Pragmatic Children's Nursing

Outcome measures for Pragmatic Children’s Nursing

1: Health

Extent to which nurses are able to promote, restore and stabilise health status which allow children to participate in their childhood, with their peers in their communities


2: Participating in a childhood

Number of days/ occasions children are away from the environments in which they would access their childhood with their peers in their communities e.g. missed school days


3: Self-care

Nurses can demonstrate how they

  • assess and reassess children’s capacity to self-care
  • developed children’s skills and understanding to facilitate self-care
  • and how they encourage and facilitate children to be active partners in their own care

4: Negotiating care

The nurse has a negotiated plan of responsibilities for aspects of care where the child, their carer and the nurse all have defined and agreed responsibilities in the plan of care. This plan of responsibilities is regularly reviewed and revised.


5: Supporting children to live a childhood

Nursing care plan demonstrates understanding of the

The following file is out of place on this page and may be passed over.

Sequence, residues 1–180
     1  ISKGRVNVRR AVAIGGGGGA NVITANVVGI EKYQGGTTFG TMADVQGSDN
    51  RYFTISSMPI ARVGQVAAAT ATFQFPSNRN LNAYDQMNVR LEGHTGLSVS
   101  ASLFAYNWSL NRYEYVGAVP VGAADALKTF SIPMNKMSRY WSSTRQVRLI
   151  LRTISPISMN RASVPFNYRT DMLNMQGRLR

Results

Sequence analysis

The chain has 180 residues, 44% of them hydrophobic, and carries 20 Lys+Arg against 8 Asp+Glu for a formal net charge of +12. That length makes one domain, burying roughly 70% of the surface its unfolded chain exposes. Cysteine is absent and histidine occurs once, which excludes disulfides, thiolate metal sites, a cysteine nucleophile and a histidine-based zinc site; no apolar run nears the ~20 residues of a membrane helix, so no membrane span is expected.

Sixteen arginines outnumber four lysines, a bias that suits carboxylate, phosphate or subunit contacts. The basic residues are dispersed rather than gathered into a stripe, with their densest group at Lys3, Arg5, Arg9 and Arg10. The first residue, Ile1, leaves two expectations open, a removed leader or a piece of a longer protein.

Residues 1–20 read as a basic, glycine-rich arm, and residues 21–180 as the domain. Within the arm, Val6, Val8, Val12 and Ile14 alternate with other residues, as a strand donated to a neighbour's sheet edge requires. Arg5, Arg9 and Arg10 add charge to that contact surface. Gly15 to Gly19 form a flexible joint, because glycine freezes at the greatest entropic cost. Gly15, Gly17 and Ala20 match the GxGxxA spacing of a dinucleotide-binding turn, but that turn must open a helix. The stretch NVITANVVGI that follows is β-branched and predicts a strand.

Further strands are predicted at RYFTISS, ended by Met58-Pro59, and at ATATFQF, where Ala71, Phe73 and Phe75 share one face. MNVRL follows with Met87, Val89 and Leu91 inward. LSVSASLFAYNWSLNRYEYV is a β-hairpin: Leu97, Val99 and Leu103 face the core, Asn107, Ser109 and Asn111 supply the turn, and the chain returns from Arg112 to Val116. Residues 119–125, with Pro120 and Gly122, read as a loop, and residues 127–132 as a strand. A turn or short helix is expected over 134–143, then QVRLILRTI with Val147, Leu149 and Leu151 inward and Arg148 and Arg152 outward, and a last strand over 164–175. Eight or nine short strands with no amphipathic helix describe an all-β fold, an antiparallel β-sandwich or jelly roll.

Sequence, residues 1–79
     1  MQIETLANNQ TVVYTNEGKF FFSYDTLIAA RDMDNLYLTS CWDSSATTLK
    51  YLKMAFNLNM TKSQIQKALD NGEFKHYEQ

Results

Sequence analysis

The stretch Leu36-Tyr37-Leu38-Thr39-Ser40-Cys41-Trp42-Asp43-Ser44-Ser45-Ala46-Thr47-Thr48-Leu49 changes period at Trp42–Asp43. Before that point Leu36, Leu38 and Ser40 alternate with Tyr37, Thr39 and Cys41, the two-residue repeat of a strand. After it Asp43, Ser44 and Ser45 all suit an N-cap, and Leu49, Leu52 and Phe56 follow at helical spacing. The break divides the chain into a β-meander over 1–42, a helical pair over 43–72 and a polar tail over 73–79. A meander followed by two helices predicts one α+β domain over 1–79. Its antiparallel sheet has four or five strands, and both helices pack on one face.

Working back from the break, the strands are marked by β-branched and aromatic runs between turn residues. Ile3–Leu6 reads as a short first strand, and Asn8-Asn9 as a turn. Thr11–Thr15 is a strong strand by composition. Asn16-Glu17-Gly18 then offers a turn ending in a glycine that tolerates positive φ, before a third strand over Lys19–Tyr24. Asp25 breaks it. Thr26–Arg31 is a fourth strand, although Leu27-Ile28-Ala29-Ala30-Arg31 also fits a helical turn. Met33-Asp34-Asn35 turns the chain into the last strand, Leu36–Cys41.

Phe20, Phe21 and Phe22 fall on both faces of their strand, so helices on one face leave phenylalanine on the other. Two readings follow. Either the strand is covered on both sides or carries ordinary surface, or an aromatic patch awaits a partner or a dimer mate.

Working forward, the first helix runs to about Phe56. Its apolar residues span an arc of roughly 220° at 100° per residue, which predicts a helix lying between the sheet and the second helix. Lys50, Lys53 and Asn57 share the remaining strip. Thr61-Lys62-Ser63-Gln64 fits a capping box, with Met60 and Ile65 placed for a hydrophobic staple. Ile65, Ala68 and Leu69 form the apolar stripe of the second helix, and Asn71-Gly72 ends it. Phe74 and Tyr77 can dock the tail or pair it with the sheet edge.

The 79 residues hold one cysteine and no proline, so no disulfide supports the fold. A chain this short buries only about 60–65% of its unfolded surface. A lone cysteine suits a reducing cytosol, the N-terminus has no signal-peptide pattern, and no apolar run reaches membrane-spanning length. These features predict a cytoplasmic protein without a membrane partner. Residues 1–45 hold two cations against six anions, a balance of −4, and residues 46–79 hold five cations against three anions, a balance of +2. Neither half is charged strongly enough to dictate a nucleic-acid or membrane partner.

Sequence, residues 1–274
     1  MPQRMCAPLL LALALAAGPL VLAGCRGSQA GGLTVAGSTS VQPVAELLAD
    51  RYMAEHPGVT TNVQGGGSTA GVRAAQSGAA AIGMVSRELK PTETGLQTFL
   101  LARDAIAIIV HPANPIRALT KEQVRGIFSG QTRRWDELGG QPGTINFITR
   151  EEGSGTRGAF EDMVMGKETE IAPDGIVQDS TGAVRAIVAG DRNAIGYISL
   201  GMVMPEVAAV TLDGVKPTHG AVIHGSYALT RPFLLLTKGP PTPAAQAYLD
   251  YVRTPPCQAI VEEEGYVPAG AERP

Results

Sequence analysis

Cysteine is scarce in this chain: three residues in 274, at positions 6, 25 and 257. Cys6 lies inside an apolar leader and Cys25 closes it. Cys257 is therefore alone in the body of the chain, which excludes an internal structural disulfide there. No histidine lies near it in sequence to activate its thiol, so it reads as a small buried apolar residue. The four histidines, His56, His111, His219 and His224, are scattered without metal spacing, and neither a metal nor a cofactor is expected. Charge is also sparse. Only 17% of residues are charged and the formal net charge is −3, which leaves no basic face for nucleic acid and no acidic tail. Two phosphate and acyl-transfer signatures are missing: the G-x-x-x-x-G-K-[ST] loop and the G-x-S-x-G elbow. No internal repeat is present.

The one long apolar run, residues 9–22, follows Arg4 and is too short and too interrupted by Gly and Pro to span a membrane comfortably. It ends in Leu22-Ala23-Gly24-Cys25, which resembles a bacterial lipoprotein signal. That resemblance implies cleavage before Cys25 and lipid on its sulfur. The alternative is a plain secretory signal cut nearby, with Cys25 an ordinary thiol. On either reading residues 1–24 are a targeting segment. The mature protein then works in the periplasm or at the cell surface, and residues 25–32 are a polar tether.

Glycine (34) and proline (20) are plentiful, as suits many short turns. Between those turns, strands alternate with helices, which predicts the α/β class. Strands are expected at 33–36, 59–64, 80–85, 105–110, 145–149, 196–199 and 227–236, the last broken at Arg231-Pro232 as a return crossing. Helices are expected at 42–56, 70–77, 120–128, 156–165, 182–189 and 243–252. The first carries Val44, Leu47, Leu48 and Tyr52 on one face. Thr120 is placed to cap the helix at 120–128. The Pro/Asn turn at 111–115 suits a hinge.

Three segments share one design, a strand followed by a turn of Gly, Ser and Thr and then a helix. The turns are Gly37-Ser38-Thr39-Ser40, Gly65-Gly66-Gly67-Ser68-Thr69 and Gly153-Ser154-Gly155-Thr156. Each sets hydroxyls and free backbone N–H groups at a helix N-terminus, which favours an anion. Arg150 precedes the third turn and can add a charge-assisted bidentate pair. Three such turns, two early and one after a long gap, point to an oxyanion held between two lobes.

• child’s position in their childhood
  • parent’s capacity to meet the child’s needs and the skills or understanding that carers/ parent’s need to develop to meet the child’s needs
  • illness process and how it may affect the child and their childhood

Where possible the child’s main carer feels competent and confident to deliver care and care is delivered by the child’s main carer to a proficient standard.


6: Safe care

Nurses ensure the safe delivery of care to children including when appropriate preventing a child’s carers from delivery care if it can be established that

  • Through the actions of the carer the child is likely to suffer significant avoidable harm
  • Programmes to facilitate the carer acquiring the required skills, attitudes and understanding have failed

Nurses act to make appropriate referrals to other health and social care professionals and work with others and carers to develop the carers capacity to care for the child, either independently or with assistance


7: Evidence based care

Nursing care of plan draws on current understandings of childhood, parenting, health and social care which are evidence based, with identifiable and accessible sources.

Nursing care reflects the time and space in which children are living their childhoods in their communities, with their peers.


8: Culturally safe care

The child and their carers feel respected as individuals from a particular cultural background

Nurses are aware of and sensitive to different cultural practices related to children, child care and health

Nurses are able to challenge cultural practice if it can be demonstrated that the practices either

  • Adversely affect children’s rights in relation to health and health care
  • The practices undermine other aspects of children’s nursing interventions.